While it’s easier to market winning athletes, Marolt said trying to secure funding and sponsorship dollars in a sluggish economy is the biggest challenge for his organization at the moment.

It’s certainly not a unique challenge.

“Corporate America is obviously going through some really tough times,” Marolt said. “You’re seeing it in all of the big sports. You’re seeing the commissioners of football and basketball start to step back. You’re seeing it with NASCAR, when General Motors canceled two of their cars. It’s been difficult and will continue to be difficult.”

He specifically mentioned potential funding that the USSA tried to secure in the past month that fell through because of corporate budget cuts.

With all the challenges ahead, though, Marolt isn’t ready to bail out on the USSA. He mentioned he has been lucky enough to have jobs that “haven’t really felt like work” and that retirement isn’t something that he equates to reaching a certain age.

He doesn’t plan on quitting what he’s doing until he has lost the daily passion for it.

Another commitment Marolt plans to keep: holding World Cup races in the U.S., particularly in Aspen, where the tradition of organized ski racing dates back to 1939.

If he had it his way, Marolt would love to see four women’s races in Aspen to go with the four men’s races held annually at Beaver Creek. Under the current International Ski Federation scheduling, Aspen will likely keep its two women’s races during Thanksgiving weekend for the next four years, but that doesn’t mean Marolt isn’t optimistic about the possibility of more U.S. races in the future.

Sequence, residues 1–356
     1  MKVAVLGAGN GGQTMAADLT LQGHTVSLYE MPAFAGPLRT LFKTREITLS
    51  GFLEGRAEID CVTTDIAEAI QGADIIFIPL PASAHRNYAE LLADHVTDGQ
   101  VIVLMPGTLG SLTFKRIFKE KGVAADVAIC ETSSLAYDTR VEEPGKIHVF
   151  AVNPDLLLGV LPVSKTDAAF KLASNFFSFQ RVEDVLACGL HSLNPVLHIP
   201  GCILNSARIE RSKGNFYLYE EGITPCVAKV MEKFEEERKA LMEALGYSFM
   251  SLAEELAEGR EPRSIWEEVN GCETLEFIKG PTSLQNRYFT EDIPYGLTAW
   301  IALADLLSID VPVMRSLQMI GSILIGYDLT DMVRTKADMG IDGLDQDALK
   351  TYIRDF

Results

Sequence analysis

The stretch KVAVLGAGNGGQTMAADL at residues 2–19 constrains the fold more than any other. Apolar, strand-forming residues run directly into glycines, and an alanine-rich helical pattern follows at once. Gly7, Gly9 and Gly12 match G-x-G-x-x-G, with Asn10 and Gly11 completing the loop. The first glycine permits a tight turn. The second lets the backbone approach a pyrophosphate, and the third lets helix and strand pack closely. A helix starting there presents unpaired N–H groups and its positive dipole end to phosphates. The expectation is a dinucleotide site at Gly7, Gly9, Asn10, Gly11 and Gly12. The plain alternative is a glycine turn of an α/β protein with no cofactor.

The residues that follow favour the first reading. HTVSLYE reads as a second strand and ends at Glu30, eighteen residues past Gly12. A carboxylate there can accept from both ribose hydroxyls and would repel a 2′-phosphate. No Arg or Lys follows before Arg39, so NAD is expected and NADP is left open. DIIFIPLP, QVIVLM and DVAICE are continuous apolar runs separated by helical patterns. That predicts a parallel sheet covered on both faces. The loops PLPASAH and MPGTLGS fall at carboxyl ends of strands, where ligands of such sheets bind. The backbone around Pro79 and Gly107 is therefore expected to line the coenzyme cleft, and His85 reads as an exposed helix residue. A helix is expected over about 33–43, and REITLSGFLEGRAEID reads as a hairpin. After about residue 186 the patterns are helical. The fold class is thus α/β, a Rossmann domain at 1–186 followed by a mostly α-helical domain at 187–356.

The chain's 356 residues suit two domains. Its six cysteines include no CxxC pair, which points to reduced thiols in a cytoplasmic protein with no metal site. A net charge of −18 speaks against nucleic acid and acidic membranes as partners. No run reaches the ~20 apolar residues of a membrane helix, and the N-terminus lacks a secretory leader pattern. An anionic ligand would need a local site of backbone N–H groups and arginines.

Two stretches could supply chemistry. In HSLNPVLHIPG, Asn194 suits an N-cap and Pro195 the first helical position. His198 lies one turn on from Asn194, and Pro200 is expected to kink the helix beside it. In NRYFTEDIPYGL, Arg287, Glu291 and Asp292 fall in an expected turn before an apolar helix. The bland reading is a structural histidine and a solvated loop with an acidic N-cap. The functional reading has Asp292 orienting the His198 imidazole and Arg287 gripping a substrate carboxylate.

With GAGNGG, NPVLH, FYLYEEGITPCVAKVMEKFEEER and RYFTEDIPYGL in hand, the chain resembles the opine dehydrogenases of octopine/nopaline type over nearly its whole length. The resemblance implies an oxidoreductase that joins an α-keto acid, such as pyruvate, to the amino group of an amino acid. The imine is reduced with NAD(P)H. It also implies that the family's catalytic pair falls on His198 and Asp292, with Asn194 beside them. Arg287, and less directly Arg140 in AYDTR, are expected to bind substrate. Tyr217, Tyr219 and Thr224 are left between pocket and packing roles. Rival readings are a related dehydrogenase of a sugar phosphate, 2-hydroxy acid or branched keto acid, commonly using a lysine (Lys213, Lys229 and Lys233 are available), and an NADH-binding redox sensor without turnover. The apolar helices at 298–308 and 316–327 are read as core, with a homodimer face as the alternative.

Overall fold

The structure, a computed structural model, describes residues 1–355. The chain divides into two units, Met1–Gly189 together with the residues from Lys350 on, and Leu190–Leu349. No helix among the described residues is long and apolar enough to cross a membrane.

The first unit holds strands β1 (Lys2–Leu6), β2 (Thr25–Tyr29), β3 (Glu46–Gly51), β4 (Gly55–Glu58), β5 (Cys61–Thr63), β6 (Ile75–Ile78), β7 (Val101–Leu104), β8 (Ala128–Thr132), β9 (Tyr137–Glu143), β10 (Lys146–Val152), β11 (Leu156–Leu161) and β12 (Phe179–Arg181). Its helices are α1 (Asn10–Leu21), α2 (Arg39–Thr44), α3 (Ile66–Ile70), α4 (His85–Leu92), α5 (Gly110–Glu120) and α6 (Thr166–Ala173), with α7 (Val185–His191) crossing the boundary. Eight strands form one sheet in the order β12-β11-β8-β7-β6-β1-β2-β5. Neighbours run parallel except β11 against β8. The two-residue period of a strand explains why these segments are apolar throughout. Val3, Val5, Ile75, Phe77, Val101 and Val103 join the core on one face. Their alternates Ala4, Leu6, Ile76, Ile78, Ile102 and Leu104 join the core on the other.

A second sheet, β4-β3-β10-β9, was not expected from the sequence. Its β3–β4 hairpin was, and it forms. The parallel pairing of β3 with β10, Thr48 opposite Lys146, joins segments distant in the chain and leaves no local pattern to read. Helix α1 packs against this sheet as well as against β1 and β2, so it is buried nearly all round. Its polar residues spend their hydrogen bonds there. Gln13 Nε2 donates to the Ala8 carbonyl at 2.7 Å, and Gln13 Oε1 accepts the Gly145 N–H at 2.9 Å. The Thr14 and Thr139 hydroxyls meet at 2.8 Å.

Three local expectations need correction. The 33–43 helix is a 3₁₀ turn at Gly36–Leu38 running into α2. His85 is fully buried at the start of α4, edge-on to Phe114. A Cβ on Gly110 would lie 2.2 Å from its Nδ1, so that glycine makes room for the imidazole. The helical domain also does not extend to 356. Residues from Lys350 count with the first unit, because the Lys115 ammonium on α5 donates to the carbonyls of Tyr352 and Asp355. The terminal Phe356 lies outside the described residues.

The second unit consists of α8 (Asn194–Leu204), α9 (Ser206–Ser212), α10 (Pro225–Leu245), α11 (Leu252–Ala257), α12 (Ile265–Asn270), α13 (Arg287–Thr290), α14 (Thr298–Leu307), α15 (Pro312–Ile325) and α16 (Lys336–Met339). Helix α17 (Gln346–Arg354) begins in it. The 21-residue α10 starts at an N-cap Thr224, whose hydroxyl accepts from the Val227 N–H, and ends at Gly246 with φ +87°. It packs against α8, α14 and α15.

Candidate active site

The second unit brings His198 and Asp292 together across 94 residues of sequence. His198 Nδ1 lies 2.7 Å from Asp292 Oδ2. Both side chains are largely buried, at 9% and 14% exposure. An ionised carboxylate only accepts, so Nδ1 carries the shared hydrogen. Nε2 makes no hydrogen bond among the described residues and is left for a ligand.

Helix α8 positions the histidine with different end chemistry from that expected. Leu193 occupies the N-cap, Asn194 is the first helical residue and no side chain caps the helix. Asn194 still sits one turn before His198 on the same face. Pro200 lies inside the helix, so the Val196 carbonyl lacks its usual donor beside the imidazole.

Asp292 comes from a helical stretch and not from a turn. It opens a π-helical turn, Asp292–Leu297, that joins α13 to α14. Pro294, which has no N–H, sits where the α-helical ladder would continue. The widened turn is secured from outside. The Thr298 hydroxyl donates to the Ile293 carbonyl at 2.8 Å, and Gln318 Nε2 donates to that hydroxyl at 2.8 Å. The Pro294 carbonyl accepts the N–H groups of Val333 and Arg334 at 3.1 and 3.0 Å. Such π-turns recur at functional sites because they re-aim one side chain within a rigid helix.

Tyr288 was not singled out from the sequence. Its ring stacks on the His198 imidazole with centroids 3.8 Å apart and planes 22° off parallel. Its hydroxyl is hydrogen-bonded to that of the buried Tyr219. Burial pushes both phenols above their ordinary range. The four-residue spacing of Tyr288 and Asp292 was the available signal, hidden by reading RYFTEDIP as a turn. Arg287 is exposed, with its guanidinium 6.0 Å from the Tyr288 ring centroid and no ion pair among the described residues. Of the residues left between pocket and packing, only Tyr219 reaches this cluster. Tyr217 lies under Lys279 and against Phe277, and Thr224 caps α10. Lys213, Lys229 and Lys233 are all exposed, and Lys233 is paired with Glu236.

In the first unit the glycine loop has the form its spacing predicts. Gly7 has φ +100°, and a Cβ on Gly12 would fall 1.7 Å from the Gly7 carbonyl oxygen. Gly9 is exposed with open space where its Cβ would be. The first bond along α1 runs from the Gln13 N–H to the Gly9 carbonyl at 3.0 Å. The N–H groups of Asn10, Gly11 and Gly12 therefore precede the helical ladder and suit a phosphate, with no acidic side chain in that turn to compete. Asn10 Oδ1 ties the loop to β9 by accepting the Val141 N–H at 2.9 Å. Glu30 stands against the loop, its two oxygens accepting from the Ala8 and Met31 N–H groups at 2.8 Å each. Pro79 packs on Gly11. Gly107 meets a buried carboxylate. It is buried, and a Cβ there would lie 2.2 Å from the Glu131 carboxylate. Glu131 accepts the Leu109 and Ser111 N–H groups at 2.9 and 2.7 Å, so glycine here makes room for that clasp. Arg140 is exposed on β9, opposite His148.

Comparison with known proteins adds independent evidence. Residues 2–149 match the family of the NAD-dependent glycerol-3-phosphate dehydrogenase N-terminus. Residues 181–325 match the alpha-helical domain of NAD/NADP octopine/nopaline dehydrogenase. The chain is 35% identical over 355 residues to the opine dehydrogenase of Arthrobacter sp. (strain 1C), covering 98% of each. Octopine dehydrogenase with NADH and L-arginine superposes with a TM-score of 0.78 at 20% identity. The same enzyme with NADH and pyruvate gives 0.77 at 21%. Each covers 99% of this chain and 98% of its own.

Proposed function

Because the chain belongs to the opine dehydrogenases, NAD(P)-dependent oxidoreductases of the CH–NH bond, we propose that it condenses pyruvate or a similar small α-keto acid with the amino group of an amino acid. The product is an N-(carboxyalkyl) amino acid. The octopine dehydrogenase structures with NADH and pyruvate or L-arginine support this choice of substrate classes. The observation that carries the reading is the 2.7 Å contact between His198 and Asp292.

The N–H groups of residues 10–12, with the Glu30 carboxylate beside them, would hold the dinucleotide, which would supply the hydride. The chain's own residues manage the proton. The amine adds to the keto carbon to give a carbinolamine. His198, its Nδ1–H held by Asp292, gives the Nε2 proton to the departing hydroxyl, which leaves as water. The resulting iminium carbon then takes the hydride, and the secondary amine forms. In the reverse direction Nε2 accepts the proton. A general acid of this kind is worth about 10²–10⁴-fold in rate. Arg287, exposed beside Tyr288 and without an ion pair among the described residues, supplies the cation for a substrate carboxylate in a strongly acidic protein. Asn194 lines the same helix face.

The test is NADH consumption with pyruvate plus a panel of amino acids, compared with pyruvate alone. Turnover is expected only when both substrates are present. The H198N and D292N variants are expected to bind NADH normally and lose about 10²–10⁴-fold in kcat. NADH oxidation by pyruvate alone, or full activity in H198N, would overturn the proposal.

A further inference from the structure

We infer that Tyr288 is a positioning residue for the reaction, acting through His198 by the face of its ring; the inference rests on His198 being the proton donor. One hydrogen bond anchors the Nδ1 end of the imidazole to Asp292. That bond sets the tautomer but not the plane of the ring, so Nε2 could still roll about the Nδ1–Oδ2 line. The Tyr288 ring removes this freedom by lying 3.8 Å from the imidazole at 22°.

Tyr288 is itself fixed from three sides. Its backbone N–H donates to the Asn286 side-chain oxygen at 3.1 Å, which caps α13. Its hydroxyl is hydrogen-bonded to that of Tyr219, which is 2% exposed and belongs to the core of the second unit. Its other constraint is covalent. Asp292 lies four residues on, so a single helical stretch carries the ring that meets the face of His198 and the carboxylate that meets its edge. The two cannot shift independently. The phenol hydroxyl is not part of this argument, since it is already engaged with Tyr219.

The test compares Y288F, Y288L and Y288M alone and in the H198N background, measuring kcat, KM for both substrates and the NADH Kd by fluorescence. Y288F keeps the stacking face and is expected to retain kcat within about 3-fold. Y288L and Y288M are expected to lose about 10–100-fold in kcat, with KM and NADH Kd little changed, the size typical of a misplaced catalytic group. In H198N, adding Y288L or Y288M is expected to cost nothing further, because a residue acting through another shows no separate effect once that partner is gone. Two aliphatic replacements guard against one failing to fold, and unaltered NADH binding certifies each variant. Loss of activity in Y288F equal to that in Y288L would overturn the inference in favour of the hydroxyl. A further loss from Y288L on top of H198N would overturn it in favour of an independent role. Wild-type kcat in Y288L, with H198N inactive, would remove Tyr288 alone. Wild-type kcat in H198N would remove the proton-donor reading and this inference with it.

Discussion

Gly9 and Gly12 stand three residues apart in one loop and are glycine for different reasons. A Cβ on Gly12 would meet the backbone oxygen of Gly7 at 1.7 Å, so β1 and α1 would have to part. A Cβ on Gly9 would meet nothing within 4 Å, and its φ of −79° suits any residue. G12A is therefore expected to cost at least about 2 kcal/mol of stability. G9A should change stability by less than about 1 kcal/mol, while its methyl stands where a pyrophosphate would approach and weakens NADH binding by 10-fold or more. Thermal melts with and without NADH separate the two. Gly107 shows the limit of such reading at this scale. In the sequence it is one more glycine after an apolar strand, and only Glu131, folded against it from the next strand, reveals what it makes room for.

“As skiing starts to grow in popularity, particularly in Eastern Europe and Russia and Asia, it’s going to be harder and harder to get more races. I think we’ll get races, but to get more races would be more difficult,” Marolt said. “The general philosophy of the FIS is that this is a World Cup and it’s important that we have events on all of the continents, or at least as many as possible. We have established the fact that we run good races in the states, and I think everybody wants us on the calendar because we do good events.”

There’s no question, either, that the U.S. currently has a stable of strong alpine skiers. While the World Cup is an international circuit, its core following is in Europe.

Marolt said he felt a deep sense of pride last season when Bode Miller and Vonn became the first two Americans to win World Cup overall titles in the same year since 1983.

Around the world, ski racing fans were talking about Americans.

And more than anything, Marolt said the success of his organization will be judged on how well it continues to do the same in the future.

“The Europeans are sportsmen. They’re positive and they congratulate us, but at the end of the day, the central Europeans, particularly the Austrians, believe that skiing is their sport and when we essentially have the best skiers in the world for a particular year, that gets their attention, there’s no question about it,” Marolt said. “It’s great for the sport.”